Papalia push to keep surf event

Daniel MercerThe West Australian
World Champion John Florence competing at Margaret River.
Camera IconWorld Champion John Florence competing at Margaret River. Credit: World Surf League/ Kelly Cestari

State Tourism Minister Paul Papalia has vowed to stand behind the organisers of WA’s premier surfing event after suggestions that it could be dropped from the elite world tour next year.

With the Drug Aware Margaret River Pro due to start tomorrow, Mr Papalia said he was keen for the event to be retained as part of the World Championship Tour.

The five-year contract for the international surf contest is due to expire at the end of this year and there have been rumours the sport’s global governing body, the World Surf League, could cut Margaret River from the schedule.

It comes after reports the WSL wants to trim the Australian leg of the tour from three events to two, with longstanding contests on the Gold Coast and at Bells Beach more likely to remain.

But after Surfing WA revealed it had held discussions with the new boss of the WSL this month in a bid to get an eleventh-hour breakthrough in negotiations, Mr Papalia threw his support behind the moves.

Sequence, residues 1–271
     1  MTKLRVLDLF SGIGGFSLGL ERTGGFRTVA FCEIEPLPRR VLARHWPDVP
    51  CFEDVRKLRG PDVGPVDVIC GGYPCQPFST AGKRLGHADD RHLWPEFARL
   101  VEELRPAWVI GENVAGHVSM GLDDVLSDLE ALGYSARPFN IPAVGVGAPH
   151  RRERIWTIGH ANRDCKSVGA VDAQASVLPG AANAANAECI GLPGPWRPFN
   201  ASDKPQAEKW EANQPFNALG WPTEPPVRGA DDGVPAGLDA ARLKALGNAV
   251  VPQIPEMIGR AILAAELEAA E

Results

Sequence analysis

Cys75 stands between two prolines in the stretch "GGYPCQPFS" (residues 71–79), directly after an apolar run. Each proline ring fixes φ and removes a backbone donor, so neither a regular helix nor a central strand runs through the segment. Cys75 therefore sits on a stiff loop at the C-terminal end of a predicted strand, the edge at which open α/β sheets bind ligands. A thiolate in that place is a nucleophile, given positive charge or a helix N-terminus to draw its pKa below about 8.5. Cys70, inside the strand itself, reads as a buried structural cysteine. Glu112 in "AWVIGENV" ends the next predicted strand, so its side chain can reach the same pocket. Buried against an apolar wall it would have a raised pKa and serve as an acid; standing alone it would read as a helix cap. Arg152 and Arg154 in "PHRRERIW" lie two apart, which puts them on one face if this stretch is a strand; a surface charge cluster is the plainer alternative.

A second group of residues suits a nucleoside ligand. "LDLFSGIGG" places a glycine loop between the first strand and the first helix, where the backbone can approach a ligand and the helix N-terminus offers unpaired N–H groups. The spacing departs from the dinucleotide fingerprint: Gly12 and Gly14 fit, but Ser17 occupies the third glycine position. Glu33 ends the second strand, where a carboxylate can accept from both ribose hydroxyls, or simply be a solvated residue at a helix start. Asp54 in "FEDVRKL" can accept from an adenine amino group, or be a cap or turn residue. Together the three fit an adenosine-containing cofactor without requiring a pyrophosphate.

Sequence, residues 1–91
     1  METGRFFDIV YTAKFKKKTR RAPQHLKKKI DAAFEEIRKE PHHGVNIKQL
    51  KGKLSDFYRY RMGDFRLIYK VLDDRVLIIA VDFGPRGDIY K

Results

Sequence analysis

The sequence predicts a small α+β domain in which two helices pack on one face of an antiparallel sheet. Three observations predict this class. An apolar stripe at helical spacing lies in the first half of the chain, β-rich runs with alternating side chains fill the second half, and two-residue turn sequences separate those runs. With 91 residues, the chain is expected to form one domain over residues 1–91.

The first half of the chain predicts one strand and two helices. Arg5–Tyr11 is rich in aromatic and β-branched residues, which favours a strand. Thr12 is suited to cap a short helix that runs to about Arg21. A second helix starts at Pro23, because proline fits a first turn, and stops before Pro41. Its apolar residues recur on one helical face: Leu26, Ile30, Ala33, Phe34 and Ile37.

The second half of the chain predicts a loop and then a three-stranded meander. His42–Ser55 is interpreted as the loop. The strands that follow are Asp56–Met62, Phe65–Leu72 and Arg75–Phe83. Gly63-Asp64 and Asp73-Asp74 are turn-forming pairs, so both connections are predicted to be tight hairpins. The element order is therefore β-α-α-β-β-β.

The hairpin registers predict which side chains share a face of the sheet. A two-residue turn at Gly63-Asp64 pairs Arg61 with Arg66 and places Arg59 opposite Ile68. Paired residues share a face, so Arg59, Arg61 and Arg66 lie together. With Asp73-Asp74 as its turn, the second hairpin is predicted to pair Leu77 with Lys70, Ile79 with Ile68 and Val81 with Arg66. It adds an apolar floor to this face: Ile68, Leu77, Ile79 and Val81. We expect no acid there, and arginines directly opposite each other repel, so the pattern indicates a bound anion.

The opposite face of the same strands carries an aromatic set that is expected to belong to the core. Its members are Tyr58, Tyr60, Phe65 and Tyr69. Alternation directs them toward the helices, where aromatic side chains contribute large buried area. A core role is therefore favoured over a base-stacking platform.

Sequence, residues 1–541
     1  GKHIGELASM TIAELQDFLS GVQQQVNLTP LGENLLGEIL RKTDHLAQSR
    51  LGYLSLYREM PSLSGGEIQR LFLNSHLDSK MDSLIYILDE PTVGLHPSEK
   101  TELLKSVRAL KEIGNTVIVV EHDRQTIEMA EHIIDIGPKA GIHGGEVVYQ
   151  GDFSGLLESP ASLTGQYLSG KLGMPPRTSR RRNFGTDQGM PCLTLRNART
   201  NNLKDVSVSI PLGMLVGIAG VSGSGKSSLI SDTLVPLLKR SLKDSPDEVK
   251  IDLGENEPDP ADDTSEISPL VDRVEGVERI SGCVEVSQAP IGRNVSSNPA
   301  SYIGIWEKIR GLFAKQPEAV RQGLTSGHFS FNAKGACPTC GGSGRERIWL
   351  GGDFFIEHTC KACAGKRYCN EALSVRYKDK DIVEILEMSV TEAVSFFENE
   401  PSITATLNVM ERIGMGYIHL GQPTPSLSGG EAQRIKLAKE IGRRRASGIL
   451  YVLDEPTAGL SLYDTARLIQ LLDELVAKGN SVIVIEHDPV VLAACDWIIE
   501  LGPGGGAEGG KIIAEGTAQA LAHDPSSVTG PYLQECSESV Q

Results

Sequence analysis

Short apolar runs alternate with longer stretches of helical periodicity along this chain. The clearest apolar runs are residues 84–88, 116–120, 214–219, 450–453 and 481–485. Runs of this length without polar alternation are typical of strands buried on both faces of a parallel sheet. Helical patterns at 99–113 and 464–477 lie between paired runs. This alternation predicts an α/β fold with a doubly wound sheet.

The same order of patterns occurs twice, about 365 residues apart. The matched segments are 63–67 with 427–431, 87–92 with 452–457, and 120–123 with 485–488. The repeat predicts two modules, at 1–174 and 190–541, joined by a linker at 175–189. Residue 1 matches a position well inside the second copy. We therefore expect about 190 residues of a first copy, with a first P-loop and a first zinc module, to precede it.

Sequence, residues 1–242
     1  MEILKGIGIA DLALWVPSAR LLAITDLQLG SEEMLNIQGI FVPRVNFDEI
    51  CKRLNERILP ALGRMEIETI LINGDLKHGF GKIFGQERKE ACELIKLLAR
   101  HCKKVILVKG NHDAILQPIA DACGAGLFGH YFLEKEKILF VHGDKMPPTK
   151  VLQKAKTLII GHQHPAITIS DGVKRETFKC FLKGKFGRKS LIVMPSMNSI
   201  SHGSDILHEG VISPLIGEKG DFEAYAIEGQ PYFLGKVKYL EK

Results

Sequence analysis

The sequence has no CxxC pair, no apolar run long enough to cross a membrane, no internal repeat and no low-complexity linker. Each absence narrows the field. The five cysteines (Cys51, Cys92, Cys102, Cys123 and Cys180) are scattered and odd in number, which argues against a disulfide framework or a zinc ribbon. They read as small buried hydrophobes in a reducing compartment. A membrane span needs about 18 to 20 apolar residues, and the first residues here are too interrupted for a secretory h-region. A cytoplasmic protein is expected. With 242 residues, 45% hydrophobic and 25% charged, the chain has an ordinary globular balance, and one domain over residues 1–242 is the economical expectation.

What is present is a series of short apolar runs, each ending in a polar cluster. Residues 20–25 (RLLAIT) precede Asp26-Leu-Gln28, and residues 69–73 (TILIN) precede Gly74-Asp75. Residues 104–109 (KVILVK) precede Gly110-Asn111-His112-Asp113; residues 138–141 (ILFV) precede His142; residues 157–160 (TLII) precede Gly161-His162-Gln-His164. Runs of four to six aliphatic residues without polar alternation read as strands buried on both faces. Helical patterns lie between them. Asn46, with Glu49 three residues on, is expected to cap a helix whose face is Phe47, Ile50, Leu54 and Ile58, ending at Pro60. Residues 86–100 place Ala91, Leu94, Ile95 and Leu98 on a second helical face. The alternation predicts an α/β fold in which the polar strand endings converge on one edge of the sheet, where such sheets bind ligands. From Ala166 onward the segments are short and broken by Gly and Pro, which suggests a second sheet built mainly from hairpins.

Mr Papalia, who was appointed to the tourism portfolio in Premier Mark McGowan’s first Cabinet, said the case for Margaret River being retained as a top-flight event was compelling. He said the waves and the location were world-class and that the WA Government leant more support to the event than Eastern States governments for the other two Australian events.

Details of the funding arrangement have not been revealed, but it is believed taxpayers contribute an annual seven-figure sum to the event through Tourism WA.

By comparison, most other events, including in Australia, are largely funded privately and are often less viable.

“As I understand it, negotiations are still ongoing and I am hopeful that we can retain Margaret River as a world tour event,” Mr Papalia said.

“As a State we contribute a hell of a lot more than competitors on the east coast, so there’s no logic to it, were they to shift it.”

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